5. With Phoenix Rising FC of USL in the northern Phoenix area up in Scottsdale, and FC Arizona based in east of Phoenix, in Mesa, do you see competing with them for fans or do you think there is a separate and distinct part of the Phoenix metro market that you can each serve?

I get asked this question often, and without getting into details. We aren’t worried about them. I will just simply say, we are focused on what we can do to be better. I have handpicked some of the best people in Maricopa County for each role in the club and they are all fantastic. We have much bigger plans than NPSL, this is just phase 1 of a bigger plan.

 

6. Why go with “Arizona” as the brand rather than “Phoenix”?

Very good question. It was definitely intentional. The simple reason is we plan on being a team for the whole state, and reaching out with exhibition games around the state, we have 3 Exhibition games in the planning phases for Northern Arizona, with high level teams from either the UK and/or Mexico, for next summer after the NPSL season ends. Again, we have a much bigger plan and we plan on branding the club as a team that the whole state can be proud of.

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Former MLS goalkeeper Andrew Weber was FC Arizona’s first signing

7. You mentioned to American Pyramid blog that you have ambitions to bring the team up to the North American Soccer League, while keeping a reserve squad in the NPSL.  Do you have sufficient investors for this now, or would it require further investment?  Have you been in touch with the NASL about expansion and started the vetting process? Or is this just a big hairy audacious goal at this point?

Rather than talk, we would rather show people what we can do. We definitely have a vision, and we plan to execute that vision based on what we know has worked with other clubs in other cities, but tailored to our market. We plan on doing things the first year right and seeing how the community responds at the gate. Yes, I have 2 very, very large local investors waiting to see how 2017 goes and if it goes well they are all in.

I have exchanged emails with the NASL front office, they are aware of us. We are interested in breaking down some barriers in US Soccer, that just because a team isn’t in MLS, doesn’t mean they are not quality. That is how the public perception is, and we plan on changing that in a big way.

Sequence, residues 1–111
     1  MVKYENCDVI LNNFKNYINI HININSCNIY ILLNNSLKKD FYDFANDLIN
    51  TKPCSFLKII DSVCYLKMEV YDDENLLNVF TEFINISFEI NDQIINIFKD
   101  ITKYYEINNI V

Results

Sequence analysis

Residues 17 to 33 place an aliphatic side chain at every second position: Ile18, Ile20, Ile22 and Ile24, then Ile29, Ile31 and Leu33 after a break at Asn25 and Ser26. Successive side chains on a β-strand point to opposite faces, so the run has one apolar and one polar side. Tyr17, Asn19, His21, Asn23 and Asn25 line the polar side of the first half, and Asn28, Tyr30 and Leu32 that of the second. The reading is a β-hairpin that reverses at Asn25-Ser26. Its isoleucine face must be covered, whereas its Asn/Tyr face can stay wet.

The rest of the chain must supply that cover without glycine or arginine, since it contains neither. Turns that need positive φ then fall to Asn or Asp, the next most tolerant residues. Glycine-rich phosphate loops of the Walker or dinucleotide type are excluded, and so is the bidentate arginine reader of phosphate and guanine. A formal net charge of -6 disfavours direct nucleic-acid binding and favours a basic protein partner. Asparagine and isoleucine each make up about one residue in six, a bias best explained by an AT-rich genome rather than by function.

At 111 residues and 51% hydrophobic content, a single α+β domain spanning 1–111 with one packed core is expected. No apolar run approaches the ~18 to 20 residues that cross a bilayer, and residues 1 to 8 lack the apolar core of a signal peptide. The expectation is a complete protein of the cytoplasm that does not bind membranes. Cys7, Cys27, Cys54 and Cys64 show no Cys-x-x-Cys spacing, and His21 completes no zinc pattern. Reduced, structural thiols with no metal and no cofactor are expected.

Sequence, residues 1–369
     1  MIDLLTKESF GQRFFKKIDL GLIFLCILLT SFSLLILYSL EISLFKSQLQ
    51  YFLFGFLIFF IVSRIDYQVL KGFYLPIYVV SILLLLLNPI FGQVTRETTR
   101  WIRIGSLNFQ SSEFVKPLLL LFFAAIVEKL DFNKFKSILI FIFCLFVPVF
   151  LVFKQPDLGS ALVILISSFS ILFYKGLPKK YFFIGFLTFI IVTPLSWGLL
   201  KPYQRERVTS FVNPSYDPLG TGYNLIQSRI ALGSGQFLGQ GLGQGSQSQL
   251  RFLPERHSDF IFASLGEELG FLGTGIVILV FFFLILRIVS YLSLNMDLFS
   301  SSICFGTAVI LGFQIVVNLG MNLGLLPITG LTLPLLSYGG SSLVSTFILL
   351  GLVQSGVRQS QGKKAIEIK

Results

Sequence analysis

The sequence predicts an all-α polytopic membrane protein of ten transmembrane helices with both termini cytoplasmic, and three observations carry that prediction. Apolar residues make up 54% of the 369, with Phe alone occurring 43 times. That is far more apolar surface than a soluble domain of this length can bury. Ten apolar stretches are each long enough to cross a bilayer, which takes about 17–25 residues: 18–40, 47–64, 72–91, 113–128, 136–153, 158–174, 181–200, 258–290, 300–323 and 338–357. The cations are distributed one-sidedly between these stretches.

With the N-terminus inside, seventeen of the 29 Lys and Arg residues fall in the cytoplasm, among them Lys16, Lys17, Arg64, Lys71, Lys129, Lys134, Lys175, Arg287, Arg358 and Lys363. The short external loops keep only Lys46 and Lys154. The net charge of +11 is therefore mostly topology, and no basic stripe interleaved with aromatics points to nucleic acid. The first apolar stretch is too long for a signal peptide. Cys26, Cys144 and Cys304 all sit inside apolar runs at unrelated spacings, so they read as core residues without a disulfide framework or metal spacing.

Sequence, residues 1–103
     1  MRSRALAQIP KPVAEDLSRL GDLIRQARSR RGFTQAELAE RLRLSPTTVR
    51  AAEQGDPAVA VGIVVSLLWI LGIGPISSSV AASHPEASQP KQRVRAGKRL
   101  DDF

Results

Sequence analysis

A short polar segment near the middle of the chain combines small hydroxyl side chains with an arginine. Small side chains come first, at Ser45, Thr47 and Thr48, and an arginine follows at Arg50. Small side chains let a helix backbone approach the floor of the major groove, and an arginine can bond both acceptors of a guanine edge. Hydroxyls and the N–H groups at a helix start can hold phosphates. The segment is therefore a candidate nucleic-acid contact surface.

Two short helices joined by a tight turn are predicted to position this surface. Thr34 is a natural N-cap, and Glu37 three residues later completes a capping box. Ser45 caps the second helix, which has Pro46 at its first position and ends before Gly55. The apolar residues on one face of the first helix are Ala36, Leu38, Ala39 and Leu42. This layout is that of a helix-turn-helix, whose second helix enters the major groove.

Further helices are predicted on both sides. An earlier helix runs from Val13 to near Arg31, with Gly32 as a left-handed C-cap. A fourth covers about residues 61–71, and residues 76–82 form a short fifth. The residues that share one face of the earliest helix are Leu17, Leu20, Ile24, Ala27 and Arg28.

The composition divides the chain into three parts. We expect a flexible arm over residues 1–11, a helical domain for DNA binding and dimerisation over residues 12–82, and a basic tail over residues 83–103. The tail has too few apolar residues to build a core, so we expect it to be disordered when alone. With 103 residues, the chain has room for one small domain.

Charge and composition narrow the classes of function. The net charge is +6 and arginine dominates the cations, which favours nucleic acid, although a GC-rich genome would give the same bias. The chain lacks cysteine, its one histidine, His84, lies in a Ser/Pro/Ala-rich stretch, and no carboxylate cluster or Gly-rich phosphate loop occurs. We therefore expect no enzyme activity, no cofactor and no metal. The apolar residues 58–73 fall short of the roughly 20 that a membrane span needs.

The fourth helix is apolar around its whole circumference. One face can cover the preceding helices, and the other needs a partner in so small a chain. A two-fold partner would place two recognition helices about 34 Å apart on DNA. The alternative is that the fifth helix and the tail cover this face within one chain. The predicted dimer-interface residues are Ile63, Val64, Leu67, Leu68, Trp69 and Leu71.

8. Whenever a team is going to play in the Southwest, heat is an issue that always comes up.  How do plan to manage the heat issue for players and fans?

 

We will work with the conference to schedule the Home games in Spring. It is under 80 degrees here until the 3rd week in May, then we will go on the road, end of May through June. Makes sense for our fans, conference opponents and players. These California teams will only need to come out to Arizona once a season.

 

9. Phoenix is the largest MSA without Major League Soccer on the way to town.  Whenever Don Garber rattles off his list of cities up for MLS expansion, it seems Phoenix never makes the cut.  Why do you think MLS is not focusing on Phoenix as much as a similar sized market such as Detroit?

Because, it has been tried here before with the wrong ownership groups. Starts first with ethical behavior, and knowing the local market well. I have studied the past mistakes and I won’t be making them.

 

10. We have recently seen informative write ups on the financial and operational aspects of successfully running a lower league team by the owners of the Kingston Stockade (NPSL) and Minneapolis City SC (PLA) in an effort to “open source” a soccer success formula to communities around the country.  Have you worked with any other groups to learn the best practices of running a soccer team in the US?

I have talked to many of the right people, spent 2 years researching and reading the best practices. This isn’t something casual, I got into. We have really planned this out. Our head coach and I spent 2 days last year at the NPSL AGM and attended the Non-voting meetings and learned a lot there from everyone. Sean McDaniel, of Chattanooga FC, has been a great guy to talk to, as well.

 

11. What else should the readers of Midfield Press know about your club?

We have very big plans for the club, but rather than talk, we will do.

 

More on FC Arizona:

(Editors Note:  In reference to Question #5: Phoenix Rising FC played in Peoria in 2016 – in the Northwest region.  They last played in Scottsdale in 2015.  Since the interview, PRFC has announced that they are building a new stadium next to the Big Surf Waterpark on McClintock Dr – about a 12 minute drive from where FC Arizona will play at John D. Riggs)

Chris Kivlehan
Chris Kivlehan enjoys writing about lower league US pro soccer because of the rapid growth of the sport at that level. He is a New York Cosmos season ticket holder and occasionally goes to Bethlehem Steel FC games because they are closer to his home. You can follow him on Twitter @kivlehan

One thought on “FC Arizona Has Big Ambitions For Pro Soccer In The Phoenix Area

  1. good argument here I worked in Phoenix with investors to start a soccer USL Club and Ambitions are great NPSL Club but unfortunately there’s two variables you didn’t consider the Latin soccer community in Phoenix is steadfast to making their chump change money with Hispanic sponsored companies and do not support Anglo-Saxon clubs in the area that’s a fact attributed by the poor attendance figures who quoted the last 3 years ….The Only Way Phoenix will ever make truly fanbase must rise out of the Latin community and the club that organizations that have been in community for generations of Phoenix hispanic…no exception to that it will not succeed that’s why I left Phoenix because expanded Community does not support Anglo-Saxon clubs it’s evident in the statistics you just quoted regardless of weather.